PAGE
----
|Posted by nathansarmy on July 19, 2013 at 12:00 AM||comments (0)|
I was recently contacted by a family, who suffered the loss of their sweet baby girl in an unlicensed in-home daycare, on January 18, 2013. I am so saddened that though all my efforts these tragedies continue to happen and our lawmakers are still not passing Nathan's Law!
Below is a letter they wrote to their Representative.
To Donna Lichtenegger, District 157:
This letter comes to you in regards to an urgent matter. I feel as though the concerns my family has regarding the death of my daughter, Jane Smith, who on January 18, 2013 was in the care of an unlicensed babysitter, Betty Brown, have been scuttled under the allusion of a no-fault natural death. As one of your constituents, I believe such injustices should with respect, garner attention and interest from you under a commonality of shared beliefs that such actions shall not be tolerated.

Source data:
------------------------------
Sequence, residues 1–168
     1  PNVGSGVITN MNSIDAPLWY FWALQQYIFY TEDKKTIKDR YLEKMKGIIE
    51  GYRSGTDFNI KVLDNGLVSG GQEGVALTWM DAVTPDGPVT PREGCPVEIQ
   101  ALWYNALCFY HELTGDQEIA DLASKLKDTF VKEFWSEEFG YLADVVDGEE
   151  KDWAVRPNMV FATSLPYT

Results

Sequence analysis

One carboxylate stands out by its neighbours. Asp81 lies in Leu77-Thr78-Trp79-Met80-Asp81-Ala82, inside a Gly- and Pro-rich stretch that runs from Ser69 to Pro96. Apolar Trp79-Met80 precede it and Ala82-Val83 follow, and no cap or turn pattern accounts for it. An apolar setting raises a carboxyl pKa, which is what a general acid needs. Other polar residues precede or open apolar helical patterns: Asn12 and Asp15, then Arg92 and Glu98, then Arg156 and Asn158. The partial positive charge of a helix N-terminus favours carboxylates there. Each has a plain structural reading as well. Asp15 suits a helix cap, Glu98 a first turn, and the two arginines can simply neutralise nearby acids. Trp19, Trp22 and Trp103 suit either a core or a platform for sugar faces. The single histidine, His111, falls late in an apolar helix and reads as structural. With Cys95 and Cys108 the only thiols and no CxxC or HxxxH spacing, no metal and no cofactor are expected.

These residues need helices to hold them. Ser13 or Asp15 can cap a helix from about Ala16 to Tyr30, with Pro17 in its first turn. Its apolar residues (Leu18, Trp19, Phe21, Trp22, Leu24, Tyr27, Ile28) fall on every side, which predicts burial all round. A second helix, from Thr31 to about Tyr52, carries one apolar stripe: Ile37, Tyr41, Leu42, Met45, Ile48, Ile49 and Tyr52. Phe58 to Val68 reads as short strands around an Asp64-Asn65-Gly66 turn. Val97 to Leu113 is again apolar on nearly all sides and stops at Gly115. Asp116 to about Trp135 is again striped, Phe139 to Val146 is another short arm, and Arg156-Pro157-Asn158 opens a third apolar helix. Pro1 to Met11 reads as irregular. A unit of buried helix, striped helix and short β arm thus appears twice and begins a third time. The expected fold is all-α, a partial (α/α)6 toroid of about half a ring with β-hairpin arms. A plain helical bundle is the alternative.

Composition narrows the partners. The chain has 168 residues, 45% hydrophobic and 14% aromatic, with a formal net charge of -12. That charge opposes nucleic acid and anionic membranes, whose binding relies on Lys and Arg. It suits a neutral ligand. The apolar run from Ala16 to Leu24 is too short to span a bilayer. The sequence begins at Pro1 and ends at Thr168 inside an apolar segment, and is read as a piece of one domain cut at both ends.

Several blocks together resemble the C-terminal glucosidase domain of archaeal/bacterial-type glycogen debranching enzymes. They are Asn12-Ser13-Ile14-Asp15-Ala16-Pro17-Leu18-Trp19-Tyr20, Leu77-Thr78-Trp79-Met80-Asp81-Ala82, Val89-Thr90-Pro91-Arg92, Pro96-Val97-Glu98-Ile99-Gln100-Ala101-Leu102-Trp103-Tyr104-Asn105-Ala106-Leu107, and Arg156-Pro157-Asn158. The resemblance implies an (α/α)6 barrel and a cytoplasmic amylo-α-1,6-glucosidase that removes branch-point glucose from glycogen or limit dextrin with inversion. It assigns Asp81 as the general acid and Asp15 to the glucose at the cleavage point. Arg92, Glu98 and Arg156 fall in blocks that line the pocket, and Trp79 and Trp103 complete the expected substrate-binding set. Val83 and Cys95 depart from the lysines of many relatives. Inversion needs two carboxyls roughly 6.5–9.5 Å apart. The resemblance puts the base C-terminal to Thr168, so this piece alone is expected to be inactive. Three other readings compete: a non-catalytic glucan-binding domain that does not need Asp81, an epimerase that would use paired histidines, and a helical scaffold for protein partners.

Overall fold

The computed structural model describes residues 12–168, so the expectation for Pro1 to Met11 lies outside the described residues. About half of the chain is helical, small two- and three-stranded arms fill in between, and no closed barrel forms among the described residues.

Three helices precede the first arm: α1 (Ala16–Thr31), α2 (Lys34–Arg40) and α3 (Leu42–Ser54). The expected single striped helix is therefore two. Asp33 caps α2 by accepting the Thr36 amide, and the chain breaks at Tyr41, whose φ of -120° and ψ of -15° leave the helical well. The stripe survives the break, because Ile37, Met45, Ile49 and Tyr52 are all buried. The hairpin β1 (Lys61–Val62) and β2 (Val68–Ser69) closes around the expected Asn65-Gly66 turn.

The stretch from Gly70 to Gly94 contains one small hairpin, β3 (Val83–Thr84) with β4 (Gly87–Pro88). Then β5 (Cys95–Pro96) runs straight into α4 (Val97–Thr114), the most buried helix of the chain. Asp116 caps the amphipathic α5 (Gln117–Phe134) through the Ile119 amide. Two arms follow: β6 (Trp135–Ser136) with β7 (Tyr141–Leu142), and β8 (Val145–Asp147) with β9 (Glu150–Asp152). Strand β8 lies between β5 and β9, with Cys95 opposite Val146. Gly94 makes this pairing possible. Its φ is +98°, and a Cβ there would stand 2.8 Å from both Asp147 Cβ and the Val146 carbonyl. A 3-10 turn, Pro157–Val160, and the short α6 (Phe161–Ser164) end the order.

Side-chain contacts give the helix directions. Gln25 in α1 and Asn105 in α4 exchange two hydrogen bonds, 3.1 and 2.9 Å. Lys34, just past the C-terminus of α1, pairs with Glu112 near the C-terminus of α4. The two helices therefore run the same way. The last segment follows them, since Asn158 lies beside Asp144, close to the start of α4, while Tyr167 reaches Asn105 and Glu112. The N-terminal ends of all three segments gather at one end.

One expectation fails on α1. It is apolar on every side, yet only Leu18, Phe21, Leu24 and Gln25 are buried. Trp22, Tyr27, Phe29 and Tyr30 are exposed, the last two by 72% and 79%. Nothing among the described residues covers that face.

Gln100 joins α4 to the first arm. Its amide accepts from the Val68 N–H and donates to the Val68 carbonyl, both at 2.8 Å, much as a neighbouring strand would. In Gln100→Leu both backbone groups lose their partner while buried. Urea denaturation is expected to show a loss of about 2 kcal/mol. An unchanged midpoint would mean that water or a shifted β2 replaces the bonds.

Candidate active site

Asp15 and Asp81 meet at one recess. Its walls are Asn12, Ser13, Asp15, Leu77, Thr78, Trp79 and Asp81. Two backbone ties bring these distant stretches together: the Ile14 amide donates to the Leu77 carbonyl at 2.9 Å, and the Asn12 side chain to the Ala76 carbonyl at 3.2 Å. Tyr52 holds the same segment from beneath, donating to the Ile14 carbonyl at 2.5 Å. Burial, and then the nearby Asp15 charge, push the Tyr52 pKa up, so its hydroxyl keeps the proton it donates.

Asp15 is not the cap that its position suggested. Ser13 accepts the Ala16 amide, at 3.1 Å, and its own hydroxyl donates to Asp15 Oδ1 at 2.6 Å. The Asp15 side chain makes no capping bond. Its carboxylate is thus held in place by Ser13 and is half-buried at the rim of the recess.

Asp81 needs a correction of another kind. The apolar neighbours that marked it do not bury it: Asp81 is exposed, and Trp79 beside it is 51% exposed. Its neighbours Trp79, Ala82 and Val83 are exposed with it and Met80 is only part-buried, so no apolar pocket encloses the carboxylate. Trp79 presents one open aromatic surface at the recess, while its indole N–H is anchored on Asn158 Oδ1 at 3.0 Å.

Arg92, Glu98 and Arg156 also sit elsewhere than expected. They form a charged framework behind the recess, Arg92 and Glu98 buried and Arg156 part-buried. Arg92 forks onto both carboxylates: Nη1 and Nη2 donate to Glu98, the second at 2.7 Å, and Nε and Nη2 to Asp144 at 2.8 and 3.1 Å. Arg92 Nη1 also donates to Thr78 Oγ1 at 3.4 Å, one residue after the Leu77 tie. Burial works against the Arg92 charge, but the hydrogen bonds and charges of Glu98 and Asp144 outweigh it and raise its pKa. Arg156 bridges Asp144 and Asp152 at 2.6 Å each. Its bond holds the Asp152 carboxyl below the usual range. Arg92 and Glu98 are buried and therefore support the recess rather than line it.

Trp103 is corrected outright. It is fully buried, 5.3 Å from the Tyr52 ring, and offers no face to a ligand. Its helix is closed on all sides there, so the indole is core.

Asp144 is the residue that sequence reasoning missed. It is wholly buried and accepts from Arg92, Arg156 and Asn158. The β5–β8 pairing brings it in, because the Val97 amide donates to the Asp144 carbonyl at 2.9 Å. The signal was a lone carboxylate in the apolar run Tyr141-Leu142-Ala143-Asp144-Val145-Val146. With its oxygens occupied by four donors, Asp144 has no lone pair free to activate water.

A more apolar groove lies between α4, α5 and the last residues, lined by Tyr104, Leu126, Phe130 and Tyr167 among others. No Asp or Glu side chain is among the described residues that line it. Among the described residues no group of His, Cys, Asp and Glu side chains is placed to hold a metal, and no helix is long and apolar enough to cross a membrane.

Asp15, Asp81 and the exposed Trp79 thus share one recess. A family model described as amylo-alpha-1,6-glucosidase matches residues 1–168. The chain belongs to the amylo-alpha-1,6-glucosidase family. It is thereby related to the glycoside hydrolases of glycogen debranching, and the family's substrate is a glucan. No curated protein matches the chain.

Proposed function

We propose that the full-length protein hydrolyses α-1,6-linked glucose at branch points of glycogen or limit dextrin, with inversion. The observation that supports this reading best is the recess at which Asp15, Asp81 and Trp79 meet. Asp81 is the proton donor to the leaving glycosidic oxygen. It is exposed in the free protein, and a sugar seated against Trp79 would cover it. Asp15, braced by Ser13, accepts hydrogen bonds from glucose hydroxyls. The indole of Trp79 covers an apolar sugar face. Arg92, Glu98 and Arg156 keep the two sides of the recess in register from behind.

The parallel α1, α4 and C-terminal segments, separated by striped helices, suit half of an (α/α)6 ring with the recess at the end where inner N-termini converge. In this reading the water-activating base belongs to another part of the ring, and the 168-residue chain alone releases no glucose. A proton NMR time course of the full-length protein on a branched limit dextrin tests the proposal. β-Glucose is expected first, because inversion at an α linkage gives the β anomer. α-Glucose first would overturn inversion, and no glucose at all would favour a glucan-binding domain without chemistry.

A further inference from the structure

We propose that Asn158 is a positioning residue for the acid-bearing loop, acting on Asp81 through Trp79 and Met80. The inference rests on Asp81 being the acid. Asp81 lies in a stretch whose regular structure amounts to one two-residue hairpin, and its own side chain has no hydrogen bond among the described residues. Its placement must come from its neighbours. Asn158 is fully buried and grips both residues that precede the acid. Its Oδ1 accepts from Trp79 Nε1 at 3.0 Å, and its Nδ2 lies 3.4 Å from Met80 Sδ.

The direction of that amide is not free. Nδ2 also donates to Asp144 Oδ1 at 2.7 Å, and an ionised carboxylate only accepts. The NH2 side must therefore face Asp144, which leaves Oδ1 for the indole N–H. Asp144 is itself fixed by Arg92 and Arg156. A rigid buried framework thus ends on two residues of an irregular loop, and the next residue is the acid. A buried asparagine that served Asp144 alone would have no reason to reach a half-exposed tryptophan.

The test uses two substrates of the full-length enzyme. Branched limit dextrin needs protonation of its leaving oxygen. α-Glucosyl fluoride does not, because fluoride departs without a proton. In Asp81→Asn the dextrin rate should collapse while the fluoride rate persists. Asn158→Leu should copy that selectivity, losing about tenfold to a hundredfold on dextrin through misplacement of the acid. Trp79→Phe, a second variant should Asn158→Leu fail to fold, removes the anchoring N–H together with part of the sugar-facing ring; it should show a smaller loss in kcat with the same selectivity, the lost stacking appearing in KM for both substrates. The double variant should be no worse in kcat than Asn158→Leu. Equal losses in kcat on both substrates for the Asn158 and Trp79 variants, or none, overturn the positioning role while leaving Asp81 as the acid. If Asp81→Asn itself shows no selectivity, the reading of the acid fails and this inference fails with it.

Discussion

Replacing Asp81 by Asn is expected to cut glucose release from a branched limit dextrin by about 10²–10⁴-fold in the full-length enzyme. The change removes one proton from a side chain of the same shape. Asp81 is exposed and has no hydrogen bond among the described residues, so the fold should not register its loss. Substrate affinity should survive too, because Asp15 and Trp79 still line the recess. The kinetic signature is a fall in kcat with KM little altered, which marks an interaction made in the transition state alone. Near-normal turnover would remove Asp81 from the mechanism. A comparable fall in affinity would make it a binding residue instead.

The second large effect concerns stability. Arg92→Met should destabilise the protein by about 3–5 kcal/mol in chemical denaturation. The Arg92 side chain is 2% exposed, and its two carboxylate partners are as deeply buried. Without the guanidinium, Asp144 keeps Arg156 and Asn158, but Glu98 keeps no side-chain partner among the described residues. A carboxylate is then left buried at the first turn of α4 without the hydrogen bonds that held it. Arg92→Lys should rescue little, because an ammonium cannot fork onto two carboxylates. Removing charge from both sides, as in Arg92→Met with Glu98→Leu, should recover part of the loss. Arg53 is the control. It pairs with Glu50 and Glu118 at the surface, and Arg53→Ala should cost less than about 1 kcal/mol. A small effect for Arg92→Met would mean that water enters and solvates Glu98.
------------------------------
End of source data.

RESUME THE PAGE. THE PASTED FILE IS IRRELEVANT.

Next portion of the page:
The babysitter, Betty Brown (Brown) of Saint Mary, Missouri, was found guilty of watching an excessive number of children (14), of which my wife and I were unaware; at the time my daughter, Jane Smith, was purportedly being watched. To this day, the Perry County Missouri Sheriff’s department and the investigator handling the case, John Doe, have failed to recommend charges in this case. As the parents of this beautiful little girl, we feel it is important to find the truth and educate others as to the potential dangers involved with in-home daycare providers. We are motivated by the inconsistencies of the events that surround her death and the unwillingness of local authorities to investigate without bias. Our daughter was neglected by Brown; left for over 3 hours to fend for herself at the tender age of 7 months old, with 14 other young kids, in proximity to a wood burning stove, and in a inadequately ventilated basement room. According to Brown, Jane was found blue and on her back. During CPR, black material was thrown up by my daughter. This material was never found in her autopsy or toxicology, as the only liquid in her stomach was light colored formula from lunch. After discussing this with several local paramedics not involved in this tragedy; I was told the black liquid was likely blood from her lungs. The Perry County Sheriff’s department, as the originating Law Enforcement agency responding to Brown’s house, is believed to have failed in their duties upon arrival to this situation. The scene (Brown’s Home) was never secured and access restricted to those parties at the scene. Sheriff’s Detective Doe made the presumptive assertion upon his initial contact with us at the hospital, that Jane was a victim of SIDS (Sudden Infant Death Syndrome- a medical diagnosis which should not be presumed at the scene of such an occurrence). It is our belief that Doe and the responding officer failed to properly secure, preserve, maintain and document the scene. In addition, photos were only taken of the area where Brown stated the incident occurred and no clothing evidence from Jane or Marie Johnson (Betty’s first cousin) (first responder whom Jane threw up the unidentified black material on) was ever collected. Jane was noted by paramedics as exhibiting “stiffening” or “rigor” in her extremities upon their initial assessment on scene; this finding lead the ambulance crew to cancel air transportation “AirEvac”, and this information was available to Doe at that time. As Jane very well could have been “gone” long before medical help arrived, the scene should have been treated as a homicide until evidence could prove otherwise; instead the scene was handled as though Brown played no part in Jane’s passing, and her death was naturally occurring. Authorities appear unwilling to hold Brown accountable for such neglectful actions. Neglect or abuse of a child under Missouri Law, statute 568.060 states “(4) the failure to provide, by those responsible for the care, custody, and control of a child under the age of eighteen years, the care reasonable and necessary to maintain the physical and mental health of the child, when such failure presents a substantial probability that death or physical injury or sexual injury would result” and “2. A person commits the offense of abuse or neglect of a child if such person knowingly causes a child who is less than eighteen years of age: (2) To be placed in a situation in which the child may suffer physical or mental injury as the result of abuse or neglect”. Brown made the conscious decision to watch an excessive number of children; to not check on Jane for over 3 hours; and to place her in an environment which lead to her passing. Because Brown knowingly “abandoned” Jane in an environment which could likely result in physical injury or death, it is believed she violated Missouri Statute 568.030, Abandonment of a child in the first degree. Any person, whom violates Missouri Statute 568.045, commits the crime of endangering the welfare of a child in the first by way of knowingly acting in a manner that constructs a considerable hazard to the life, body, or health of a child less than seventeen years old; again perpetrated by Brown in her actions on the day Jane passed. According to Missouri Statute 565.024, involuntary manslaughter in the second degree may be levied when “3. …. he/she acts with criminal negligence to cause the death of any person.”. Watching 14 kids and leaving Jane, a 7 month old infant, in a closed, excessively warm envi-ronment, is negligence. Detective Doe, with his preconceived notion of SIDS, communicating with Brown’s family regarding the details of the ongoing case (believed based on comments made by Brown’s sister), and knowingly failing to collect the appropriate evidence (which could have been used during the autopsy to determine the correct cause of death) was in violation of Missouri Statute 575.020 wherein, Doe conferred biased consideration to any person (Brown’s family) in consideration of that person's concealing of any offense (death from neglect), refraining from initiating or aiding in the prosecution of an offense, or withholding any evidence (clothes from Jane and Marie).